A.: Many beginning aquarium hobbyists make a mistake thinking that lighting in the tank is purely decorative. In fact this is far from being true. Beside the decorative function lighting has a very important physiological role. Being constantly in the dusk evokes a long-term stress with animals. All the aquarium inhabitants need light. Though one should have a notion about the limits. Lack of light provides a poor growth of algae and brown deposits on their leaves. Too much light is also bad: the water gets blooming and becomes greenish.

Q.: How to do a correct lighting?

A.: Specialists recommend counting the needed amount of lighting from the ration 1 w per liter of water approximately, e.g. for a 50 l tank you should take an incandescent bulb with the capacity of about 50 w.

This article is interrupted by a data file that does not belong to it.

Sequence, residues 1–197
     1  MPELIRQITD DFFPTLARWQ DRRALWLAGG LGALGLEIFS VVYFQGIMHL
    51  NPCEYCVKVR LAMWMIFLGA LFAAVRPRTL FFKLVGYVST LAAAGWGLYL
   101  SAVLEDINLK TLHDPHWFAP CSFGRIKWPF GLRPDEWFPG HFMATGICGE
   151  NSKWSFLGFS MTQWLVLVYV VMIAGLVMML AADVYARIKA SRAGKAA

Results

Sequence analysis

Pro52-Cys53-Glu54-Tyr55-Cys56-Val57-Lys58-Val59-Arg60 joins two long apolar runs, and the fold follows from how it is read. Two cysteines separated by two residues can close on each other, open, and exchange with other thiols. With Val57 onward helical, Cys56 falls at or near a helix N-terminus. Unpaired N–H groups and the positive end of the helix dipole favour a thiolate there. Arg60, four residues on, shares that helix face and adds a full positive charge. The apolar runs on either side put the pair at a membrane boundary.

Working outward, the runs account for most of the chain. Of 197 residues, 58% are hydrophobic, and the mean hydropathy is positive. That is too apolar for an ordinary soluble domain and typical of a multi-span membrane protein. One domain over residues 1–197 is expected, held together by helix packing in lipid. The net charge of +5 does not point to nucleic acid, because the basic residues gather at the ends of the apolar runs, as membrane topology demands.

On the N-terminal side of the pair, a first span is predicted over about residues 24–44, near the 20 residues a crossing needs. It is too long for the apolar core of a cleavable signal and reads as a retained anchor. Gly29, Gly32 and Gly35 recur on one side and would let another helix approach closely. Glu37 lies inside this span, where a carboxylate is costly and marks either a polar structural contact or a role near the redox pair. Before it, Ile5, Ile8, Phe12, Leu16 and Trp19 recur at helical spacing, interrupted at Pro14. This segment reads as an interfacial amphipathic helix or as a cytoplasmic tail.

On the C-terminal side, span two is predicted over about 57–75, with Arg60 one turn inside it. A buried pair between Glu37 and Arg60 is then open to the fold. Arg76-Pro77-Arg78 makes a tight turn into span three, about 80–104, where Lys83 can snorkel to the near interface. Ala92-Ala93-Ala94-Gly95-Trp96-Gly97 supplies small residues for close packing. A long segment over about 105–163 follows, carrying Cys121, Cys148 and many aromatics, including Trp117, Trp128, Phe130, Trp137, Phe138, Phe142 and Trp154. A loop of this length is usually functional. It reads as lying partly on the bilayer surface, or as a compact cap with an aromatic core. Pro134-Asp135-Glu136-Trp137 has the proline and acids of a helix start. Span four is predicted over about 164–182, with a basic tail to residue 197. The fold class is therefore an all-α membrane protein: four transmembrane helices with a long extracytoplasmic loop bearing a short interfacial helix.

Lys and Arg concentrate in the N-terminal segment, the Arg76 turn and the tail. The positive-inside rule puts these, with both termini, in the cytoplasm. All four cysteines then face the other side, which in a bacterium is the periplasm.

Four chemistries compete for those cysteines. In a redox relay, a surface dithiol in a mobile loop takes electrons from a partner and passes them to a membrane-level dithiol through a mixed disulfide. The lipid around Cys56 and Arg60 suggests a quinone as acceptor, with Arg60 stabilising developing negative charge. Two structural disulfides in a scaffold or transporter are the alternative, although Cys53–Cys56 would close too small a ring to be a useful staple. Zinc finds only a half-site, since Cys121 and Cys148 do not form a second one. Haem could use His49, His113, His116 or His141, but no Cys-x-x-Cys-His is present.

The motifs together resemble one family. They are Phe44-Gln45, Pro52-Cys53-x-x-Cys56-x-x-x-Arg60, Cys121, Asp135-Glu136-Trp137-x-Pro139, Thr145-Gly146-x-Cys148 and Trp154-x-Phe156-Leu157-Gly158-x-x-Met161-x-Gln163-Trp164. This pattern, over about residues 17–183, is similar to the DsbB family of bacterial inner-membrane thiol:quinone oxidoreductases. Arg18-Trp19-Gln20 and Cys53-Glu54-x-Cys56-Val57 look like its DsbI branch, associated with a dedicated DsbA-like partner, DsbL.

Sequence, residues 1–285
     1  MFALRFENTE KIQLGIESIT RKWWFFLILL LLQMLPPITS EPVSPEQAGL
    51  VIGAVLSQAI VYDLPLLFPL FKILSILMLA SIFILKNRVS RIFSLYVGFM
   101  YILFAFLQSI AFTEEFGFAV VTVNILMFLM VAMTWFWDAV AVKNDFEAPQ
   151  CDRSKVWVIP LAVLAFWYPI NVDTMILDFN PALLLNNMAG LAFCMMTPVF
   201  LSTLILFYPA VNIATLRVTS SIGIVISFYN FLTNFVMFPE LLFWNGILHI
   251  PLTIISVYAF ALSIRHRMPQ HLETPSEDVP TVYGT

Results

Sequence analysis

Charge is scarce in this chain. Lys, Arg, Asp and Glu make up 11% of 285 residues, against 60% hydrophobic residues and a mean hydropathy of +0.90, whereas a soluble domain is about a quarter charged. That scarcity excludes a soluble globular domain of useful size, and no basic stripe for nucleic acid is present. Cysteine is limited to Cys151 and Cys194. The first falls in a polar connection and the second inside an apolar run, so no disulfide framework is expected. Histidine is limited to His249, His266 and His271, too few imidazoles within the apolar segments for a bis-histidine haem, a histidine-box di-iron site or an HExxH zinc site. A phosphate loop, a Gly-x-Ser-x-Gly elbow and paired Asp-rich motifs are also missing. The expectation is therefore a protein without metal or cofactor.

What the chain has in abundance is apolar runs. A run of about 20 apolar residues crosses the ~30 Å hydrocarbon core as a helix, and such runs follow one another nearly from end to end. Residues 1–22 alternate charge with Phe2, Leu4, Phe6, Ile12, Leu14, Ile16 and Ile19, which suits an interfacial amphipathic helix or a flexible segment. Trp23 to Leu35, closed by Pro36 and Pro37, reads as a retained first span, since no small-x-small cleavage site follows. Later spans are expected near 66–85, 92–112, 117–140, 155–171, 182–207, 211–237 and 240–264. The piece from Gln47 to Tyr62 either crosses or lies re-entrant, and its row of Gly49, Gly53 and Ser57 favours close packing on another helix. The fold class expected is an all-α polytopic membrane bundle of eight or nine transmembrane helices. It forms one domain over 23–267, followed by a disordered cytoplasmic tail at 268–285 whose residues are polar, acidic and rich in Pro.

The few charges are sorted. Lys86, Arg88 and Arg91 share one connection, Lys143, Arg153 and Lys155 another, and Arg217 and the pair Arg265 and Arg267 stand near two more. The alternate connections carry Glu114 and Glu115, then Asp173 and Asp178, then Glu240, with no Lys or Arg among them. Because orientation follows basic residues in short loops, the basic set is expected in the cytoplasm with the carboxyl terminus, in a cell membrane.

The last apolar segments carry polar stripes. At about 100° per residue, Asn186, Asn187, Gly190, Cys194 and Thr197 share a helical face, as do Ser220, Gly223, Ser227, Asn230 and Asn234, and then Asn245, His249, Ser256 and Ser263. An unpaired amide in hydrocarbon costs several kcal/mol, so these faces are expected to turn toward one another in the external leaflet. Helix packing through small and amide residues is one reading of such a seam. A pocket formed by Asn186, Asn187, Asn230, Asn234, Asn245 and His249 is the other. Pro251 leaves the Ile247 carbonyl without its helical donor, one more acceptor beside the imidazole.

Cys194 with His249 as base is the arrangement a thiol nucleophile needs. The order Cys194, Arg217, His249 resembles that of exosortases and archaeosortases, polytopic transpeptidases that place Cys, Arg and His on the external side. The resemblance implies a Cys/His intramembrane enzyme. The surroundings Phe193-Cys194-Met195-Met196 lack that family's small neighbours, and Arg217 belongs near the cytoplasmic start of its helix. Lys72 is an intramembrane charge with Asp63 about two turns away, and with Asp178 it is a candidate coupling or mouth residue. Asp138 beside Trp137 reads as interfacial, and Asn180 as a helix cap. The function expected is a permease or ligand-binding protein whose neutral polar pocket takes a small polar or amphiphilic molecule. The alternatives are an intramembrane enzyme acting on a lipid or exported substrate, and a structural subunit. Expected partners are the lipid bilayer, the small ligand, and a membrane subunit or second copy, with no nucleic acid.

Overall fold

The classic variant is: the source of light from the upper front edge of tank is directed at the back vertical wall. Sometimes the inside lighting is used: the hermetic lamp is set at the bottom of the tank. Inside lighting is often used as a heater. The daylight period should be not less than 10 to 16 hours.

Q.: Glass or plastic tank?

A.: One might not state flatly which one is better. Professionals succeed in using both. In our turn, we are able to list some merits and demerits of glass and plastic tanks to allow you make your own choice.

 
+
-
Glass tank Easy to clean; proofed from been damaged with the scraper The glass is leached by water; as a result the pH of water changes
Plastic tank Non-fragile - safer material Liable to scraping and quickly loses good appearance; for cleaning a special capron sponge or a capron sack filled with fine crushed salt is needed
According to experienced aquarists the spawn of such fish as Neon dies more often in the glass than in the plastic tank